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Healthy Tip: Get Your Greens

Brazilian Style Collard GreensI was born in the south and grew up with a mother who was a true southern cook - and that meant plenty of greens like collards, mustard and beet greens. When we moved to California, I was surprised to find hardly anyone eating these "common" vegetables. I soon realized that while southern cooks had been preparing greens for years, the rest of the country hadn't caught on yet. Well, that's certainly changed now! The more we know about good nutrition and how important it is to eat fresh veggies, the more attention we give to leafy greens. In fact, you can't find a list of the "most powerful foods" that doesn't mention kale, spinach or collards. That's because dark leafy greens contain such an abundant source of nutrients and powerful antioxidants, packing plenty of iron, calcium and fiber! They also contain chlorophyll, the pigment that turns the leaf green. Some people think of this as the plant's blood and that makes sense when you also consider that leafy greens contain vitamin K, which helps our bodies with blood clotting abilities. Rainbow ChardIf you are a greens lover like me, chances are you don't need any encouragement to add these to your meal plan. For those who are a wee bit reluctant, I suggest you start out with some of the milder flavored greens and work your way up. Here's a quick reference on some of the most popular greens (find more here.)
  • Arugula: peppery flavor - try raw in salads or sandwiches
  • Bok Choy: sweet, mild flavor - perfect for stir-fries or soups
  • Collards: mild, sweet flavor - steam, braise or sauté until tender
  • Escarole; mildly bitter - eat raw in salads and steam or braise
  • Kale: mildly peppery - boil, steam or sauté
  • Mizuna: tender and spicy - mix with other greens in salads
  • Spinach; soft, sweet flavor - multi-purpose! Raw or cooked in many dishes
  • Swiss Chard: tender, sweet - sauté, braise or add to soups and other dishes
Most leafy greens are generally available year round, but like most plants, they have their peak season. Collards, kale, turnip greens and mustard greens are at their best from October through early spring. Swiss chard and beet greens are best from the spring through the fall. Dandelion greens are available in the spring and summer. Collard GreensWith a few exceptions, I recommend cooking your greens until they are tender and bright green. Otherwise, they can be too fibrous and tough to chew, and that can make them hard to digest. Make sure to cut out and discard the tough stem in mature, hearty greens such as kale, collards, mustard, beet and turnip greens and then cook the leaves well. Some greens, such as spinach, chard and beet greens, contain a substance called oxalic acid, which can interfere with the absorption of calcium. However, when cooked, the oxalic acid is broken down. Here are some more ways to get those leafy green benefits:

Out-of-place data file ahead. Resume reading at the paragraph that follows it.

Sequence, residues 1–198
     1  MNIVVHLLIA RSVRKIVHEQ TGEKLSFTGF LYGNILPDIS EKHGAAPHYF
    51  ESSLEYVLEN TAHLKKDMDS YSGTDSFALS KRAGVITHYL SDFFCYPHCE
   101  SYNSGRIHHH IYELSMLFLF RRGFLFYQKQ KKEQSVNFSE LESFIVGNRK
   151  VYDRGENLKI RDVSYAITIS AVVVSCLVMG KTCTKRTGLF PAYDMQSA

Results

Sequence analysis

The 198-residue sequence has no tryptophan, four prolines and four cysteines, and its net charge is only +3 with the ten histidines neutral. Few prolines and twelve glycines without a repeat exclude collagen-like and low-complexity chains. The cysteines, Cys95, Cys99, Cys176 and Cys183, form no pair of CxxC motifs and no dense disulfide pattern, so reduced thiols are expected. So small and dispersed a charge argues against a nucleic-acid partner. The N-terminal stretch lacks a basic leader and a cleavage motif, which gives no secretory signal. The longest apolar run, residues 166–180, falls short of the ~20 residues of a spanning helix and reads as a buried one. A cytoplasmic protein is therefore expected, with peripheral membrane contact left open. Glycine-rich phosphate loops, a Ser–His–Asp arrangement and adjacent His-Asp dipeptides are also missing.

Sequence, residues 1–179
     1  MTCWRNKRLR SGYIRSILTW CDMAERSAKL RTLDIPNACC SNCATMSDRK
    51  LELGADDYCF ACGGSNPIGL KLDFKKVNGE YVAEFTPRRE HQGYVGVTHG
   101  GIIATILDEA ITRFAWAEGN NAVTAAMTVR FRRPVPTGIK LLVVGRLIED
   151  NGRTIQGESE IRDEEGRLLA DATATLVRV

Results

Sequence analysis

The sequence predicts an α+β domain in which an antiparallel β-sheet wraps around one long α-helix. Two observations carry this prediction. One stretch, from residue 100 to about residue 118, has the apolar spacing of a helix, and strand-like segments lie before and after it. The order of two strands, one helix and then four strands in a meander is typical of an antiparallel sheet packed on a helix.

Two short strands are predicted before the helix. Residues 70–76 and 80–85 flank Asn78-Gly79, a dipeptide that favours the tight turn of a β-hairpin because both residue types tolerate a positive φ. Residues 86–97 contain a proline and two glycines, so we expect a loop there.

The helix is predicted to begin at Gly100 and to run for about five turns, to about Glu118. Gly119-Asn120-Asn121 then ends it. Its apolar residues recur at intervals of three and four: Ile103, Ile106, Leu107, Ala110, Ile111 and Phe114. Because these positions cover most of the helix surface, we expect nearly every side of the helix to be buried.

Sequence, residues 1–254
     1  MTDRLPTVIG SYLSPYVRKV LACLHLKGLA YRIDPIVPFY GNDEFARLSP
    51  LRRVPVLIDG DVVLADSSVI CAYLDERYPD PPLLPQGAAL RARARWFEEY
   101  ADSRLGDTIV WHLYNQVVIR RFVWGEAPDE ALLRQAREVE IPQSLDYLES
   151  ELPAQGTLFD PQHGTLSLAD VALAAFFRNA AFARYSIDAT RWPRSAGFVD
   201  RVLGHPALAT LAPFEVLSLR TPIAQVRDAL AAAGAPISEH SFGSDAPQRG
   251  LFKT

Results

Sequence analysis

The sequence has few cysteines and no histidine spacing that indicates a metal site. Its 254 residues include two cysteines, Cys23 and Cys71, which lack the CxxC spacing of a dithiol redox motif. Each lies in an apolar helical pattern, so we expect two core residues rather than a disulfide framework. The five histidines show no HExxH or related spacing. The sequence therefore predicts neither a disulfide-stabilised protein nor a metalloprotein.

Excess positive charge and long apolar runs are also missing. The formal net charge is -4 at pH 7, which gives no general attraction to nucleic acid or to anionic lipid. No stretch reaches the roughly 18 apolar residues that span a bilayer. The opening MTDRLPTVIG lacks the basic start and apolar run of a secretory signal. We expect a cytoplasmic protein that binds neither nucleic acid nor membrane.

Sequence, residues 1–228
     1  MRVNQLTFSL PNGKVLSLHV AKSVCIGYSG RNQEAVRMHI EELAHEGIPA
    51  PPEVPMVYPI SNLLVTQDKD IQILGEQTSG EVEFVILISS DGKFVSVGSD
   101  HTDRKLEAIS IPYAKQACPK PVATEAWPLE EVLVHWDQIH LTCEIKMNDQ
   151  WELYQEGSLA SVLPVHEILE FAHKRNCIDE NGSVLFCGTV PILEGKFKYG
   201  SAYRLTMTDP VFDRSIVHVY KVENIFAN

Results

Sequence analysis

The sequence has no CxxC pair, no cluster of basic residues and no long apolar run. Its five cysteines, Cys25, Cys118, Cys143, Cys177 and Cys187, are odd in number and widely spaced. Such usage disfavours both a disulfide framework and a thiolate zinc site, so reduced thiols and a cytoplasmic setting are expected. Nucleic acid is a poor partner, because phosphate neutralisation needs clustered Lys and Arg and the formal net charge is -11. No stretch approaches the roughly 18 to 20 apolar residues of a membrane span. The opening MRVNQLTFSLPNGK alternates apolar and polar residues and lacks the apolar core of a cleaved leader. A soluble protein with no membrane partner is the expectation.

• For just about any soup, greens are a perfect match. Just chop and stir in, letting cook until tender. Spinach and chard are super quick options.
  • Mix it up in your salad bowl by adding baby spinach, tender young spring greens and baby arugula.
  • Add chopped greens to a stir fry - try collards, bok choy and broccoli rabe.
  • Make a simple side dish by sautéing onions and garlic in a bit of olive oil, add some greens, a little broth and steam until tender. Great with kale because it doesn't cook down as much as other greens.
  • When making a sandwich or wrap, top it off with baby spinach, arugula or any baby field greens.
  • Want to experiment? In recipes that call for cooked spinach, substitute half the amount with cooked chard.
  • Perfect for warmer months, steam or sauté any leafy green and serve at room temperature tossed with your favorite salad dressing.
  • Never seem to have time for prep? Freeze greens for quick and easy use. Remove and discard the tough stem from mature leaves. Wash, dry and chop the leaves. Then freeze in serving-size freezer bags and add frozen leaves directly to soups, stews, pasta sauces, etc.
  • Serve your favorite soup, beans or chili over a bowl of baby spinach. The heat from the broth will gently wilt the spinach and add great flavor to your meal.
For the more adventurous, here are a few of my favorite recipes featuring leafy greens: Coconut Milk Braised Greens Brazilian-Style Collard Greens Savory Greens Stir Fry Sautéed Greens with White Beans and Garlic Got a great leafy green recipe you'd like to share? I'd love to hear.

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Cindy Davis says …